By now, most of the world knows that Oprah’s big secret was that she has a half-sister named Patricia who is the daughter of Oprah’s mom, Vernita Lee. The two met just this past Thanksgiving after Patricia, through a set of bizarre circumstances, figured out that she was indeed the daughter of Oprah’s mother.
Vernita Lee gave up her daughter Patricia back in 1963 with the hope of getting off of welfare. She also says she knew she could not raise another child adequately. While her reaction to finding her long lost daughter was not as affectionate as Patricia would have liked, Oprah that she had an aha moment after the two sisters left their mother’s house when she realized that her mother was still living in the past in 1963. Vernita was not allowing herself to fully embrace Patricia and the miracle that reuniting with her really is because she was stuck under the shame of what it meant to give up a child in 1963.
Oprah said on her show today, “I had an epiphany when I left my mother’s house. She is still stuck in 1963 and is still carrying the shame that would have been put upon her in 1963 and therefore she hasn’t been fully able to embrace you. So I would like to say to our mother: you can let that go. You can let the shame go. There are millions of people who have given up their children, so Vernita, you can let that go.”
It’s something Oprah herself knows about, losing a baby and carrying around shame about it for many years. At the age of 14, Oprah gave birth to a baby that died. Years later, another half-sister (ironically also named Patricia- they now call her Pat) who has since passed away, leaked this news to the press. Oprah says that when the news broke and was out in the open, it released her of the shame surrounding it. She recognized this same shame in her mother regarding giving away her half-sister, Patricia. Patricia never once went to the press with the news and she knew for sure she was Oprah’s sister since 2007.
As with many Oprah shows, I always learn something from them. People may have been tuning in for the big secret to be revealed but the humanity and compassion in these people’s lives was the spectacular thing to see, if not the secret itself.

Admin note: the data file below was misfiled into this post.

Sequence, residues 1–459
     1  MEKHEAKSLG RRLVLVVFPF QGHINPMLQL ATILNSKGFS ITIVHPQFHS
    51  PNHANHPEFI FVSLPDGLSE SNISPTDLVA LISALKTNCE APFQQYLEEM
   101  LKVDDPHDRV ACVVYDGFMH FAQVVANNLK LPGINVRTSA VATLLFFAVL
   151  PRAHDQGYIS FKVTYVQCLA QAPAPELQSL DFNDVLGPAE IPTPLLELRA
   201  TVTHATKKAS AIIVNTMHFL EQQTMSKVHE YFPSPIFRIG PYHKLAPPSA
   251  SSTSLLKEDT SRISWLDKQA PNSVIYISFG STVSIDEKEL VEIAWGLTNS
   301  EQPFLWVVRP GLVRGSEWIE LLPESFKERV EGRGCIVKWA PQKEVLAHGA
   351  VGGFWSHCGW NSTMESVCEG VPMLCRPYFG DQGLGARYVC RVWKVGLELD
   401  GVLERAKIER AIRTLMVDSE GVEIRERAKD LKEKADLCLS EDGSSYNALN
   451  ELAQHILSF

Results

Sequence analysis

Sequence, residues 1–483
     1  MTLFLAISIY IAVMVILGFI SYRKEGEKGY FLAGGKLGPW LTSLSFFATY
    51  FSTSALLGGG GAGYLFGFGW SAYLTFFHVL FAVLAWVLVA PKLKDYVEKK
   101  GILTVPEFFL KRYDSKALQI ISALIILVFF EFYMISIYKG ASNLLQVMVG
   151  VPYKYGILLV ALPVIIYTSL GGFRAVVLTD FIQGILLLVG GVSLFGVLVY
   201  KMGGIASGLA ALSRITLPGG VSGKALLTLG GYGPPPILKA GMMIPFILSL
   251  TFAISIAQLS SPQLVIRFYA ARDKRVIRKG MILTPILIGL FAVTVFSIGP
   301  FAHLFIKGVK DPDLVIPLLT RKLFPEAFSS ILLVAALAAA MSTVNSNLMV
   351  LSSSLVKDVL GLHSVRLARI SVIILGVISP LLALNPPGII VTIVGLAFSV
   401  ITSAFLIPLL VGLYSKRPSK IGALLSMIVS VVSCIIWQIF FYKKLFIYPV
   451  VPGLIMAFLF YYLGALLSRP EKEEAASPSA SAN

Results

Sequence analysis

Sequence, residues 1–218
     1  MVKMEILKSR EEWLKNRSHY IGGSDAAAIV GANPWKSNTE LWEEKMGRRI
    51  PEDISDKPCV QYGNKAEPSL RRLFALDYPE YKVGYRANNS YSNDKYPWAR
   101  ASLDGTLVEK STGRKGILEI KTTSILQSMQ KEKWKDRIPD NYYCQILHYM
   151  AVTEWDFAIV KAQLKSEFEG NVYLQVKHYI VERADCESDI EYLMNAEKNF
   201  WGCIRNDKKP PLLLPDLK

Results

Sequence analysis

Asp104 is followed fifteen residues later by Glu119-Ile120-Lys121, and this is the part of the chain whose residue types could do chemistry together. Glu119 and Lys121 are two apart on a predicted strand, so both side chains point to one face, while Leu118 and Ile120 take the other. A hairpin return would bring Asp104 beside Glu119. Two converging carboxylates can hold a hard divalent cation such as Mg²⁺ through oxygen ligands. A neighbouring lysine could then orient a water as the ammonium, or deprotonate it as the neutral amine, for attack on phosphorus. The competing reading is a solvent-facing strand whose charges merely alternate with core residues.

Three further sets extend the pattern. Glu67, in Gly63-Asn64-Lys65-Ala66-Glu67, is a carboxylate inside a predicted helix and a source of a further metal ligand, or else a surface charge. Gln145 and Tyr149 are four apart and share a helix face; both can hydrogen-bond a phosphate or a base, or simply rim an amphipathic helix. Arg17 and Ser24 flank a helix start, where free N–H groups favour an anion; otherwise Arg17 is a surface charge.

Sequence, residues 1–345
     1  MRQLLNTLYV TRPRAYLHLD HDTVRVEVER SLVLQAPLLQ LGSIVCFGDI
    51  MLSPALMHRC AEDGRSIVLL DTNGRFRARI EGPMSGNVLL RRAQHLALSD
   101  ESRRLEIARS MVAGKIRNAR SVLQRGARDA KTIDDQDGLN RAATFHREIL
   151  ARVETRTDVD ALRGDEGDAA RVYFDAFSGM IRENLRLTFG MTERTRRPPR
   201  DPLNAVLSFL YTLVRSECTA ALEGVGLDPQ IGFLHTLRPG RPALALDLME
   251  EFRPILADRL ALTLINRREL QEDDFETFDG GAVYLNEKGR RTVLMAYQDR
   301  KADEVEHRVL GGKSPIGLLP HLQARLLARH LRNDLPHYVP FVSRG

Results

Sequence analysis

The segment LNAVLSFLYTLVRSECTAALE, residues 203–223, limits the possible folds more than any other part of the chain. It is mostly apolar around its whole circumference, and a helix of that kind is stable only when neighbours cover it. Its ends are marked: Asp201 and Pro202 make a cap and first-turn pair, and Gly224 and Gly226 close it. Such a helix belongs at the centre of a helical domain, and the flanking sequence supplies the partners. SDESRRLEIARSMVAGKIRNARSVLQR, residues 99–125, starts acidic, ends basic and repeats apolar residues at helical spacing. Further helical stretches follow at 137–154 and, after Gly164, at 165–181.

It made me think of family secrets in general but it also conjured up feelings that I never want my children to feel ashamed when they make mistakes and poor choices. We all mess up at some point, some more than others, but shame is a deadly feeling to carry with you through life.
I tell my kids that they can tell me anything but if they are ever afraid to tell me something that they think might upset me, they can just simply say, “Don’t get mad but…..” and I promise, I won’t yell or get angry. They have used this technique several times and it’s usually about something simple, like breaking something, as in “Please don’t be mad but I was playing ball in the living room and I broke your frame, or mug, or vase.” When I see how nervous (and honest) they are, it immediately disarms me from getting angry, but I’ve never really had to deal with anything too huge to swallow, anything like “Please don’t get mad at me but I got kicked out of school or eloped or had a baby and gave it away.”
I wonder how I will feel when they grow up and make bigger mistakes and misjudgments. I hope I can muster the same calm reaction and remind myself that no matter what they did, I love them and will help them. I will be there for them because the only thing worse than feeling shame is having to hide it. As their mother, I hope I can be that soft place to fall so that even when they feel they are their lowest, they know they are never, ever alone.